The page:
Copyright transcription: © Olive Schreiner Letters Project. This transcription can be freely used as long as copyright is acknowledged and it is referenced using the following citation: ‘Olive Schreiner to Adela Villiers Smith nee Villiers, 1918, NLSA Cape Town, Special Collections, Olive Schreiner Letters Project transcription’. Please also supply letter line numbers for specific quotations.
|Address From||9 Porchester Place, Edgware Road, Westminster, London
|Who To||Adela Villiers Smith nee Villiers
|Other Versions||Cronwright-Schreiner 1924: 358
When Cronwright-Schreiner prepared The Life...
(1924) and The Letters of Olive Schreiner
(1924), with few exceptions he then destroyed the original letters in his possession. When Olive Schreiner’s originals can be compared with his edited versions, his versions are severely shortened, and/or inaccurate in sometimes minor but sometimes major respects, and/or are combinations of a number of original letters. The status of ‘the Cronwright-Schreiner letters’ is therefore that they are artefacts of his editorial practices, rather than being ‘Olive Schreiner letters’ as such. Consequently, where original letters which appear in The Letters...
have been traced, they appear in the context of the appropriate archive collections and not as ‘a Cronwright-Schreiner letter’. In addition, where a version exists as one of the Extracts made in preparing The Letters...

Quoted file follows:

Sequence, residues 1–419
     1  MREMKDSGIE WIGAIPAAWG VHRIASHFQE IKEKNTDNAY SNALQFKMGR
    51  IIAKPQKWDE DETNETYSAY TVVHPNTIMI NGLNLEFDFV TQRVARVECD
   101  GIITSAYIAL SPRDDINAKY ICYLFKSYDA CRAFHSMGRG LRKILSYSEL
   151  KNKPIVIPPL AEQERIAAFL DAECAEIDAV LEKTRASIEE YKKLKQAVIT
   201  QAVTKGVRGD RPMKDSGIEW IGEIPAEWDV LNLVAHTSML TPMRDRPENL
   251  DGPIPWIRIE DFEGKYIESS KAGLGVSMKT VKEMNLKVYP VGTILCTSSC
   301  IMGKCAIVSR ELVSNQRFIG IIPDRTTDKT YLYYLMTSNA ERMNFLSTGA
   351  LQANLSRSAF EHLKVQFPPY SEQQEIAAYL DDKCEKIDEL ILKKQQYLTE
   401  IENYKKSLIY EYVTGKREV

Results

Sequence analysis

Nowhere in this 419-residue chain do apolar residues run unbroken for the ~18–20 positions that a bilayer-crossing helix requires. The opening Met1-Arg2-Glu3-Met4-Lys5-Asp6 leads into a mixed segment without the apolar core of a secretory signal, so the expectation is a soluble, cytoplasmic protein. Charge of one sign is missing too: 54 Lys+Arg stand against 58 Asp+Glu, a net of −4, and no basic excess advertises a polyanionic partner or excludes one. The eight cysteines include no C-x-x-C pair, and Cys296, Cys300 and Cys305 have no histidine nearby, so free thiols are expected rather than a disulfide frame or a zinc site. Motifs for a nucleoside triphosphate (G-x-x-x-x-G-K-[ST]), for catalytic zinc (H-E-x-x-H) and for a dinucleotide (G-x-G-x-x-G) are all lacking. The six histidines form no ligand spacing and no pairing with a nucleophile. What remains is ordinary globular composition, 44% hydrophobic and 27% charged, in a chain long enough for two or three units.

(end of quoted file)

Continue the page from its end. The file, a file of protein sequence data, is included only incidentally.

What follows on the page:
, the extract version is provided because usually longer and in other ways closer to the characteristic writing practices of Schreiner’s original letters. The remaining ‘Cronwright-Schreiner letters’, of which this is one, are provided for the sake of completeness, because they give clues as to where Schreiner was resident at different points in time, and indicate some of her activities. However, they should be read and used with considerable caution for the reasons spelled out here. The year of this letter is implied by its place in the sequence of Cronwright-Schreiner letters.
1: To Mrs. Francis Smith.
2: 9, Porchester Place.
4: ... Would you, some time, tell me something: when you read that little
5: "Prelude" to my book I showed you the other day, did you think it was
6: a made up thing, like an allegory, or did you think it was real about
7: myself? Please tell me, because if I haven't made it clear, I must. I
8: thought it was quite clear, but the only other person to whom I've
9: shown it didn't understand.
The ‘Prelude’ is to From Man to Man